Eliminate Funding for National Community Service Programs

National community service programs provide financial assistance to students and other volunteers who aid their communities in the areas of education, public safety, the environment, and health care, among others. In fiscal year 2010, appropriations for national service programs totaled about $1.1 billion, which supported the following initiatives: the AmeriCorps Grants Program, the Ameri- Corps National Civilian Community Corps (NCCC) program, the AmeriCorps Volunteers in Service to America (VISTA) program, Learn and Serve America, the National Senior Service Corps, and the National Service Trust. In addition, AmeriCorps receives supplemental funding from state and local governments and from private sources for service projects that, in many cases, build on existing federal, state, and local programs. Participants in the AmeriCorps Grants Program, NCCC, and VISTA may receive an educational allowance, a stipend for living expenses, and access to health insurance and child care subsidies. Learn and Serve America participants generally do not receive such stipends or awards.

This option would eliminate federal funding for national service programs, reducing outlays by $4 billion through 2016 and by $10 billion over the coming 10 years. (Those estimates account for the administrative costs associated with terminating the programs.)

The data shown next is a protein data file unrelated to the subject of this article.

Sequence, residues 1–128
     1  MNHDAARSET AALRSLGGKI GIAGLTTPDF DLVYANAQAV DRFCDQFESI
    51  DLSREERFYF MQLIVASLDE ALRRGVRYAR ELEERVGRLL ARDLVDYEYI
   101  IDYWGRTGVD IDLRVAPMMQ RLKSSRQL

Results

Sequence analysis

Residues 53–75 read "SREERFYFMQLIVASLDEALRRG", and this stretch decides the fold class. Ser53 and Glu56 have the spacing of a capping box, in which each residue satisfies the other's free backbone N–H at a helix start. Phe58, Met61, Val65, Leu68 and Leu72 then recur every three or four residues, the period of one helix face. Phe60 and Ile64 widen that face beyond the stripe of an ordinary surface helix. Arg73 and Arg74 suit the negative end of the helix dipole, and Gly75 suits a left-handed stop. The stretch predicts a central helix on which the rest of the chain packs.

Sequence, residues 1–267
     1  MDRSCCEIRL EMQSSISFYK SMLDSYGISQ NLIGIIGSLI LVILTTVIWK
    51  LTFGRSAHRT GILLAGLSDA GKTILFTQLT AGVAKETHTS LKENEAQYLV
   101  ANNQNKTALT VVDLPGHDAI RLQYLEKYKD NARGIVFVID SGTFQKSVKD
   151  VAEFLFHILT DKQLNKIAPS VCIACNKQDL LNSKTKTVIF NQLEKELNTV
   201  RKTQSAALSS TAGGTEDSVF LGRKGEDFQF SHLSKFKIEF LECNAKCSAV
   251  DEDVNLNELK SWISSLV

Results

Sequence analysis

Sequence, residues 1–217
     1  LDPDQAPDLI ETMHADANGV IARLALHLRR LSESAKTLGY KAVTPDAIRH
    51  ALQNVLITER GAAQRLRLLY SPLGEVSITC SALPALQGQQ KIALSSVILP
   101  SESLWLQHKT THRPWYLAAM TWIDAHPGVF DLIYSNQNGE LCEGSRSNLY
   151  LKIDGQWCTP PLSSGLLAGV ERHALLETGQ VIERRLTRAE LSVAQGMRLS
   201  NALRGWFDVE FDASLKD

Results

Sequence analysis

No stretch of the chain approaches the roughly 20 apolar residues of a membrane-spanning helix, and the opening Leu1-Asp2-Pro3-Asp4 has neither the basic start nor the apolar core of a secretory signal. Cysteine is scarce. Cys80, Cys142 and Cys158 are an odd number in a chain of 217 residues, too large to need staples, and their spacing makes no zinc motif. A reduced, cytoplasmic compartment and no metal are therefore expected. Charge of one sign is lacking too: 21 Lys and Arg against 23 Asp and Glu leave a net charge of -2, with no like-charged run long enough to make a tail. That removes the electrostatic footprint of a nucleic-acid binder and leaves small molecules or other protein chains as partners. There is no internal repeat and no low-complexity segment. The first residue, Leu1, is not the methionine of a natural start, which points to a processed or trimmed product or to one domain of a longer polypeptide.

An argument in favor of this option is that funding community service programs by local governments might be more efficient than funding them at the federal level because the benefits of community service accrue locally rather than nationally. From that standpoint, decisions about such programs--the types of service projects to undertake and the amount of funding to provide, for instance--would be made more efficiently by the community that receives the benefits. Another rationale for eliminating student-focused national service programs is that a goal of federal aid to students is to provide low- income people with access to postsecondary education. Because participation in those programs is not based on family income or assets, funds do not necessarily go to the poorest students.

An argument against implementing this option is that the programs provide opportunities for participants of all socioeconomic backgrounds to engage in public service. In addition, relative to other approaches, the programs may offer a cost-effective way of providing community services because of the low budgetary cost per hour of service provided.